Statewide Blue Cross insurance rate hikes on individual policies squeeze local workers
Some small startup businesses and independent contractors face pending insurance hikes of over 40 percent in the wake of Blue Cross Blue Shield of Michigan’s decision to raise premiums on its individual insurance plans.
The Detroit-based nonprofit recently sent out letters to affected customers outlining the increases, which average 22 percent effective Oct. 1. Blue Cross has said the rate hikes were unavoidable after losing $133 million last year on individual subscribers and lobbying unsuccessfully for legislative remedies in Lansing.
The rising premiums primarily are hitting workers who lack employer-provided insurance coverage. But they’re leaving some workers, whose pre-existing conditions bar them from obtaining coverage through a private, for-profit insurer, with few alternatives.
“There are short-term policies out there that are available for people, but they have very high deductibles,” said Jennifer Coleman, member benefits director for the Ann Arbor Area Chamber of Commerce.
The issue is reflective of broader problems that are adding fuel to the debate over national health care reform.
Because it is considered an insurer of last resort, the Blues are required to accept all individuals regardless of their health status or any pre-existing conditions. The nonprofit insurer has said that private insurers cherry-pick the healthiest and lowest-cost customers for enrollment, leaving the remaining high-cost customers to the Blues.
"Even with the rate increase, Blue Cross will continue to lose money on its individual products because costs will exceed premiums collected for these individuals," the insurer said in a release. "Our recent rate increases in the individual market underscore the urgent need for health insurance reform in Michigan and the nation.”
Approximately 163,000 purchase non-group or group conversion plans from the Blues.
Pat Anderson, a Realtor with Keller Williams Realty in Ann Arbor, likens the increases to the Blues throwing a “temper tantrum” for not getting its way with individual-market reforms in the Legislature. She received a letter last weekend from Blue Cross outlining plans to increase her premium by 40.52 percent.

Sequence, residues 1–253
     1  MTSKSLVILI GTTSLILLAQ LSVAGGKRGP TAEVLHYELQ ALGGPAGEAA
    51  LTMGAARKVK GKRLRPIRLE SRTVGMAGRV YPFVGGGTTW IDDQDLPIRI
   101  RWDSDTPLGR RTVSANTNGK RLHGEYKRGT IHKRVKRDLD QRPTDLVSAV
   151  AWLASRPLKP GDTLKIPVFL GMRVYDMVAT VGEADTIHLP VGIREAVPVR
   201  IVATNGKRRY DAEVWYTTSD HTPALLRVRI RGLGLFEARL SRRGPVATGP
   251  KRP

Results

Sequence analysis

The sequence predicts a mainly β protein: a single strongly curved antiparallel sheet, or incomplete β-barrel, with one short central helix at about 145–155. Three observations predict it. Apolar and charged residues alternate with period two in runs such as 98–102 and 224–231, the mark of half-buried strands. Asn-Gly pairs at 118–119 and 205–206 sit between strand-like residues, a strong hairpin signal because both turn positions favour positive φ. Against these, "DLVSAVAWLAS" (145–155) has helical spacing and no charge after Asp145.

That’s on top of a 20 percent rate increase in May, Anderson said, driving her monthly bill for health insurance to roughly $343 - higher than her car payment. She says she still hasn’t gotten an answer as to why her monthly bills keep changing and how her rates were calculated.
“I have yet to get a phone call back,” Anderson said. “They ignore your request. They send bigger bills without any explanation.”
But Carol Grubb, an associate broker and Realtor with Keller Williams, said she understands the insurer’s rationale for pushing through the increases.
“They have to insure everybody,” Grubb said. “I think what’s happened is they’re getting a lot of people that aren’t insurable elsewhere, so the premiums are higher. Do I like it? No.”
Grubb said her rates are set to rise 11.31 percent on Oct. 1, adding to a roughly 10 percent raise passed on in May.
Realtors are often considered independent contractors who work on commission, and therefore aren’t offered coverage by their employers.
Grubb said she’ll likely ask Blue Cross to raise the deductible on the plan that covers herself, her husband and their son. She’s also begun making phone calls to seek out alternate insurance policies, but said one family member’s pre-existing condition would likely complicate things.
“I can’t afford this,” Grubb said. “My rate is now over $17,000 a year. That’s before deductible, that’s before copay. Let me assure you, that’s not a bells-and-whistles plan.”
Anderson also plans to seek out alternate coverage.
“I’m a single person,” she said. “I don’t have alternate sources of income. We all know the realities of the real estate market. I’m not making money hand over fist.”
Coleman said she’s heard from a few people who contacted her in the hopes of joining the chamber and getting a discount through its group coverage program. But the chamber is unable to offer any discounts to members who buy individual policies.
The callers can qualify for the chamber’s group coverage if they have two or more subscribers, Coleman said. Another option would be to purchase catastrophic coverage, but those policies typically pair with high deductibles as well.
But Coleman acknowledges the rate increases leave many subscribers with few options.
“I think it’s going to be an issue,” she said.